The Pipestem mine is situated approximately 2 kilometres east of Spider Peak near the headwaters of Siwash Creek and was located in 1920.
The mine area is underlain by grey to black, locally organic-rich, pyritic, slaty argillite intercalated with well-bedded siltstone, all assigned to the Lower and Middle Jurassic Ladner Group. A number of northwest- striking bands of medium to very coarse-grained, tuffaceous, fossiliferous wacke also occur within the sequence. The bands vary from 5 to 45 metres thick and are the principal host to gold mineralization.
The sedimentary rocks have been intruded by narrow sills and dikes up to 4 metres thick. Several porphyritic felsic sills, similar to those associated with gold occurrences in the Siwash Creek area (MINFILE 092HNW004, 005, 015-017), host thin quartz veins with pyrite.
The Ladner Group sediments have all undergone a complex history of structural deformation characterized by folding and several north to northwest striking faults. The wacke bands are also cut locally by a pronounced fracture cleavage.
Precious metals at the Pipestem mine occur in sulphide-bearing quartz veins and stringers in wacke exposed in surface trenches and with quartz-sulphide mineralization preferentially concentrated either along fault contacts between wacke and argillite beds or along fracture-related shatter zones cutting wacke. The veins have hydrothermally altered the host rocks at the surface and have chloritized the sediments where exposed underground. Pyrite cubes up to 1.25 centimetres on each side, arsenopyrite and sericite occur in association with this alteration. Rare visible gold has also been reported.
Discrete but fragmented quartz veins up to 0.4 metres wide, quartz stringer swarms and quartz breccia zones up to 1.5 metres wide were also encountered in underground workings. The quartz is white and massive to vuggy in character. The breccia zones comprise sharply angular, silicified, sulphide-bearing fragments of chloritized Ladner Group sediments supported by quartz.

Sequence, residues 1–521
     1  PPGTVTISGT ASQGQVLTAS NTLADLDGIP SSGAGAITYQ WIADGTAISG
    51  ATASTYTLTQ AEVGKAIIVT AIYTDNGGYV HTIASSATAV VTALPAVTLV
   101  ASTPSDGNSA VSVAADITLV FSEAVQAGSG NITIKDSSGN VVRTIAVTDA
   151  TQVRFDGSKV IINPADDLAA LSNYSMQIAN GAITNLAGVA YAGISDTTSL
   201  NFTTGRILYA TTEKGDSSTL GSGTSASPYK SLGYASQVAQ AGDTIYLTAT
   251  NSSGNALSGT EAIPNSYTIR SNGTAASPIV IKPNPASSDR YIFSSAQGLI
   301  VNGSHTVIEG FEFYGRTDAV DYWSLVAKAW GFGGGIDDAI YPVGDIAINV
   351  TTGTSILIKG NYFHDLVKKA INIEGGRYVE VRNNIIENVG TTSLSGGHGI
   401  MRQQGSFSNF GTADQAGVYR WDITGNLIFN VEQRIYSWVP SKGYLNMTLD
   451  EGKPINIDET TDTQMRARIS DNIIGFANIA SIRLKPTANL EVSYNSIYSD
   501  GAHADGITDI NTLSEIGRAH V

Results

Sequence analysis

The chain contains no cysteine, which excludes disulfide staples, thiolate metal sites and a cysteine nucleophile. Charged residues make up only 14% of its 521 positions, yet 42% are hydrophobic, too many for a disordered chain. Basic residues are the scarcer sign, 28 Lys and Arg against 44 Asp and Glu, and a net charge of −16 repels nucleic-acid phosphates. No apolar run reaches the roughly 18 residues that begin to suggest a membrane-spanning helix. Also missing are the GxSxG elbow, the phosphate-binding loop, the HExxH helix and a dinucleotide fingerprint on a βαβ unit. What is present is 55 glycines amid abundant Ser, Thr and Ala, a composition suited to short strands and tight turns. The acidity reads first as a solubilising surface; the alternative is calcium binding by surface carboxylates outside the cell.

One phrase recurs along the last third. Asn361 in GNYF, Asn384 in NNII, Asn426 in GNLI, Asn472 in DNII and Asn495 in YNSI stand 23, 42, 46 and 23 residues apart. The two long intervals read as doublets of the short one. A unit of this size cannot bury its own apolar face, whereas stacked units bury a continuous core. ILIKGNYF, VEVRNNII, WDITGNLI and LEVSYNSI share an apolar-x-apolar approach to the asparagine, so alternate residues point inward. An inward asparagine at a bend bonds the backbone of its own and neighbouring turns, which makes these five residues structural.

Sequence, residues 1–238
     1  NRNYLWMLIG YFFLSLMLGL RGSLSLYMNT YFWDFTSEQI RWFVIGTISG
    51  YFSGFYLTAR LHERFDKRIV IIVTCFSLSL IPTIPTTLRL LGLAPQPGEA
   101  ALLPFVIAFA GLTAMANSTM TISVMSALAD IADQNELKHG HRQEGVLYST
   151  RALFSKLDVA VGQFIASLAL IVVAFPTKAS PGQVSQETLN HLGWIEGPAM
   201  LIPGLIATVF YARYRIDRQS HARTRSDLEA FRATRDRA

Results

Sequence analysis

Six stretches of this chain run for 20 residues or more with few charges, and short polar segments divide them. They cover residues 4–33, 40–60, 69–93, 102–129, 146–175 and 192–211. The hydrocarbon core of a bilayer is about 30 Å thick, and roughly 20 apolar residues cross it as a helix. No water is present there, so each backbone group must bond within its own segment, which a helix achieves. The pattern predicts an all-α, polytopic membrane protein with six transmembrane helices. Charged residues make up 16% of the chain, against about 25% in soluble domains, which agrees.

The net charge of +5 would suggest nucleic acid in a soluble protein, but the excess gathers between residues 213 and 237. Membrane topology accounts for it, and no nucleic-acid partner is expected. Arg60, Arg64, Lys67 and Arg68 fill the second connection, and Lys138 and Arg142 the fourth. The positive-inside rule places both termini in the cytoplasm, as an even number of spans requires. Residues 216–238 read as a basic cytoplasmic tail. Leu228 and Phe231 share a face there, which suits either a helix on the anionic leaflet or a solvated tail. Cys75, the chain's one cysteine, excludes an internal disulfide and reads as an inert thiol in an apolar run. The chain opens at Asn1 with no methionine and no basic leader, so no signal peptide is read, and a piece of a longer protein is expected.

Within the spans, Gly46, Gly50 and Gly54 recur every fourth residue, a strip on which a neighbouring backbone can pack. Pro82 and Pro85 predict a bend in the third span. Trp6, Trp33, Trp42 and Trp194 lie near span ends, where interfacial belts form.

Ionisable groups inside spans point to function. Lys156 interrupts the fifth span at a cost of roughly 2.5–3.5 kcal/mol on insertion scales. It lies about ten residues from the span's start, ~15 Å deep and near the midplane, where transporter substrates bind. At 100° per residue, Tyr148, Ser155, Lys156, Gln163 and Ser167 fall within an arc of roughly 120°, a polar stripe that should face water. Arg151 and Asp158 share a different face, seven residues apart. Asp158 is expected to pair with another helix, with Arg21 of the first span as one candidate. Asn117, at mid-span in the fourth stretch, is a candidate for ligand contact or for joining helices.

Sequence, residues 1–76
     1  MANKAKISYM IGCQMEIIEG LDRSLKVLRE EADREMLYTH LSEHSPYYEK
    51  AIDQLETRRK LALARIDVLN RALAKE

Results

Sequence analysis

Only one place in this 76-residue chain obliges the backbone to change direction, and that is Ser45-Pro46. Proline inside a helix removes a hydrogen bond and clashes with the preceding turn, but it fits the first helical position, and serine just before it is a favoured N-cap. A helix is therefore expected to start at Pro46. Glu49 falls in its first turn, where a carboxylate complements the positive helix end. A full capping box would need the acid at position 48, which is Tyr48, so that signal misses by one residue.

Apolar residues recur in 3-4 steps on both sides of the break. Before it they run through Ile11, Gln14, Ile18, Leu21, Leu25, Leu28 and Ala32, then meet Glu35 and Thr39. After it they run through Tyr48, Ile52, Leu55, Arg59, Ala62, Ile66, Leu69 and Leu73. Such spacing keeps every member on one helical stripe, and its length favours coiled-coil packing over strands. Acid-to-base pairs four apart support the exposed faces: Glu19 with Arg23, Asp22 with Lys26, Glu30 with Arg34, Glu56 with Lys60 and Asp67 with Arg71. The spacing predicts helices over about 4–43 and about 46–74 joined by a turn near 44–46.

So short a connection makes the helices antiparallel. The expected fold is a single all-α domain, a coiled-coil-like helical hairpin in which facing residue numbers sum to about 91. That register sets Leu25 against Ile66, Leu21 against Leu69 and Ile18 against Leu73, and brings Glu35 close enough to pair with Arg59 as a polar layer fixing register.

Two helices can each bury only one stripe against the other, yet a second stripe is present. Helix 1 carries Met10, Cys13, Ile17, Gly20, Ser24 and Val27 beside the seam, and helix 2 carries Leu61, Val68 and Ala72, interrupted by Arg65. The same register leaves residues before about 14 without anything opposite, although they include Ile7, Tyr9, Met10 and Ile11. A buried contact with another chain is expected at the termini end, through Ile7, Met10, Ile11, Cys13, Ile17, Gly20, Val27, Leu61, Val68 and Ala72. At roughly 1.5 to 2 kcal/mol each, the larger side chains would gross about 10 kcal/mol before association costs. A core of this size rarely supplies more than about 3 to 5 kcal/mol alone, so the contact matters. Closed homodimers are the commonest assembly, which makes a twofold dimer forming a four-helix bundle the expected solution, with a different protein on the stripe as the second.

The highest gold values were reported to have been concentrated in narrow, sulphide-rich wallrock alteration envelopes that surrounded poorly mineralized to barren, vuggy quartz veins, stringers and breccia zones within the wacke bands. The sulphides include coarse-grained pyrite with variable arsenopyrite, minor pyrrhotite and trace amounts of chalcopyrite.
Development at the Pipestem mine included a 10-metre deep shaft, open cuts and four adits totalling over 300 metres. Production is recorded for the years 1935, 1936 and 1937, when a total of 8460 grams of gold, 1151 grams of silver and 55 kilograms of copper were recovered from 1498 tonnes of ore.
Surface diamond drilling carried out at the mine in 1982 defined a narrow gold-bearing zone plunging to the south from the surface showing. The best intersection was encountered in hole LCN 82-39, where a 5-metre interval graded 4.46 grams per tonne gold (Assessment Report 11158). The best intersection from 10 underground holes graded 3.05 grams per tonne gold across 5 metres; while another drill hole (UP82-10) yielded 0.855 gram per tonne gold over 40.68 metres. One grab sample from the old stope on the No. 4 level graded 40.46 grams per tonne gold (Assessment Report 11158).
During 1976 through 1978, Longbar Minerals completed programs of soil sampling and 9.0 line-kilometres of ground geophysical surveys. In 1980 and 1984, Aquarius Resources completed programs of soil and rock sampling on the area. In 1982, Carolin Mines completed a program of geological mapping, rock and soil sampling, trenching and 29 underground and surface diamond drill holes, totalling 2360.37 metres. During 1994 through 1996, Athabaska Gold Resources completed programs of geological mapping, geochemical sampling and trenching on the area. In 2012, New Carolin Gold completed airborne magnetic and radiometric surveys, totalling 759 line-kilometres, on the area.